Yesterday, results of national tests that compare student performance in math and reading among 21 big-city school districts were released.
These tests, which are formally called the National Assessment of Educational Progress’s Trial Urban District Assessment, allow us to compare student performance among cities in different states. That’s something that we can’t do otherwise because the state standardized tests that students take differ from state to state. So the tests are sometimes called the “nation’s report card.”
The National Assessment Governing Board, which oversees these tests, has a ton of information on them. But we’ve boiled it down to five key things that you should understand about the Nation’s Report Card: Urban Edition.
- Cleveland, Ohio’s second-largest school district, is the only Ohio school district that participates. Stephaan Harris, a spokesperson for the board that oversees the tests, says districts have to volunteer to participate. The governing board then selects a few new districts each year; this year, the Albuquerque, Dallas and Hillsborough County (Fla.) districts joined the testing. So why doesn’t Columbus, Ohio’s largest school district, participate? A Columbus district spokesperson said only that the district’s assessment coordinator was “unfamiliar” with the test and that the district had not volunteered to participate.
- Cleveland is in the bottom tier of urban school districts. Looking at fourth and eighth grade reading and math (the only grades and subjects included in this particular report card), 11 percent or less of Cleveland students were on or above grade-level. That’s not much different from the district’s performance eight years ago. And the performance gaps between white students and Black and Hispanic students are as huge as they were in 2003. (WCPN’s Michelle Kanu details the results here.)
- Not all urban school districts are the same. To be participate in the urban version of the nation’s report card, a school district must be located in a city of 250,000 or more and have a majority Black, Hispanic or low-income student enrollment. But that gives a lot of room for differences. For example: In Cleveland, a majority of students are Black. In Albuquerque, about 1 percent are. About 6 percent of Cleveland students are learning English. In Houston, about a third are.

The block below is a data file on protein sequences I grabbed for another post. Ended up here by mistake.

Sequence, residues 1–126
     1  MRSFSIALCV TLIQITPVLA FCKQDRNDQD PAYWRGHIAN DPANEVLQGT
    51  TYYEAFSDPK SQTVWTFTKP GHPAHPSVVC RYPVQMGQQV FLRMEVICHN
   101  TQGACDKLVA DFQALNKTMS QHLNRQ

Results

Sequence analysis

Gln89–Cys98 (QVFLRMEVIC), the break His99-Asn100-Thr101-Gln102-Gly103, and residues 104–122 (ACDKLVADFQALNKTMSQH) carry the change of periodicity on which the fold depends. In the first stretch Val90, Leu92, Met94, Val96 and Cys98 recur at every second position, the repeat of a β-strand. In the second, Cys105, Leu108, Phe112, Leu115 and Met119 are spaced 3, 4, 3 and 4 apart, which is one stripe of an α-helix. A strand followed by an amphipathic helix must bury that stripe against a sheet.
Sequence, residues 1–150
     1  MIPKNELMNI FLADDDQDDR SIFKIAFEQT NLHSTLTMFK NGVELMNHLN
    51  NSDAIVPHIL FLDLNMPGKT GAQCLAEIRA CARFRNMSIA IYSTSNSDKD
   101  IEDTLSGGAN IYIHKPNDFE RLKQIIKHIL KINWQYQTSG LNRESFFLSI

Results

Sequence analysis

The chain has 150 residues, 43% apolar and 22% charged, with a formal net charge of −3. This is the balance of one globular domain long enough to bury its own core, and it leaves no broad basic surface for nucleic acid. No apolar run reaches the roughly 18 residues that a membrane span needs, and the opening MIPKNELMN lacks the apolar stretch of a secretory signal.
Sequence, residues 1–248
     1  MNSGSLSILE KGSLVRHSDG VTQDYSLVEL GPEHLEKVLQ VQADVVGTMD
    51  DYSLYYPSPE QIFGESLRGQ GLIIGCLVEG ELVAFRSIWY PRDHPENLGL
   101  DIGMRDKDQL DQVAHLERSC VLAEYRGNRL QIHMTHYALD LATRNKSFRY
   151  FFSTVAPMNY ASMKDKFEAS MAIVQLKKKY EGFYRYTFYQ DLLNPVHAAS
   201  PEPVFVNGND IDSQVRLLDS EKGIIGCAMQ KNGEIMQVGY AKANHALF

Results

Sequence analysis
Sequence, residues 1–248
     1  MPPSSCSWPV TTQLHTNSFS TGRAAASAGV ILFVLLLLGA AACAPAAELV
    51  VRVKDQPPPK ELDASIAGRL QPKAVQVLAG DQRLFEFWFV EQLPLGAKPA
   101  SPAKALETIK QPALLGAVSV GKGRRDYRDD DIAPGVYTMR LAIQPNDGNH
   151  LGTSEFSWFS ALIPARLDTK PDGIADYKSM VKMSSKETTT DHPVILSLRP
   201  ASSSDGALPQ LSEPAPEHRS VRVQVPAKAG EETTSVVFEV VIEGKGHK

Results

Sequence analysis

- The state tests “count.” This one doesn’t. As we wrote earlier, If students don’t pass the Ohio Achievement Tests, their school can get a low grade from the state. Getting a low grade from the state means that a school has to engage in all kinds of “improvement efforts.” Plus, it’s embarrassing for school administrators. So many districts place a high priority on preparing students to pass state standardized tests, and tell their students they’re important. The stakes are lower for the nation’s report card: Cleveland’s performance earned the district a few negative stories, but no state sanctions.
- The bar is set high. The state of Ohio and the federal agency that administers the Nation’s Report Card tests, set the scores required to “pass” their tests at different levels. For example, in past years, a student could pass the Ohio fourth grade reading test but fail the national fourth grade reading test.